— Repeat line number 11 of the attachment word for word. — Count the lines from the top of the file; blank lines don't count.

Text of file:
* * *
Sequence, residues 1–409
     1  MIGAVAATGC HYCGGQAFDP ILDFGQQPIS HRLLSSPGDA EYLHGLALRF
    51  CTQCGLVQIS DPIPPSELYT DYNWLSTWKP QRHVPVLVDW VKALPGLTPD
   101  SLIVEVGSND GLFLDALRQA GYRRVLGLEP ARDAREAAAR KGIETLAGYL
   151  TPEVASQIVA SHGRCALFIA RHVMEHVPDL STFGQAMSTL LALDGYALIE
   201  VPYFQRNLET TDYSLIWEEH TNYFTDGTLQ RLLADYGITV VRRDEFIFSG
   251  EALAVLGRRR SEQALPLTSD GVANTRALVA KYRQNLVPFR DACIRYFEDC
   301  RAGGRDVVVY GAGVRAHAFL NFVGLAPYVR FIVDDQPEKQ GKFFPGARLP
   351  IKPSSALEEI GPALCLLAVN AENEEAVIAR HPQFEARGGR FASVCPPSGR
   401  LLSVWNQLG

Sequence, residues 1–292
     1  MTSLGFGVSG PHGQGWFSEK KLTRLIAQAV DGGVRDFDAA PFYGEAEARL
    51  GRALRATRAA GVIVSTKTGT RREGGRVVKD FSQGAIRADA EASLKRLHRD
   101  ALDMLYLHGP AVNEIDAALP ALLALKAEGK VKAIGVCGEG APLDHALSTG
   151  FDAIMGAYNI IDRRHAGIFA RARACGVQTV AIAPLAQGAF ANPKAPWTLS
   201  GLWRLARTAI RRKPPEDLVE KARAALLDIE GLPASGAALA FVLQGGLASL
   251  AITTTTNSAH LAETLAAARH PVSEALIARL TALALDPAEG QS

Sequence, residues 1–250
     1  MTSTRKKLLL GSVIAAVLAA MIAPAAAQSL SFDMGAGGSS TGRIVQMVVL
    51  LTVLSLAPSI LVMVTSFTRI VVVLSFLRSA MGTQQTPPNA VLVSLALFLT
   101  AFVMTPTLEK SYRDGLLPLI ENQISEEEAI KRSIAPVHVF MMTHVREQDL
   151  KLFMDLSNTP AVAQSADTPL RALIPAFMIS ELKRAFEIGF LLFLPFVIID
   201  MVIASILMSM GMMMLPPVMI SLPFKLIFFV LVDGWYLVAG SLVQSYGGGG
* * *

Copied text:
Sequence, residues 1–292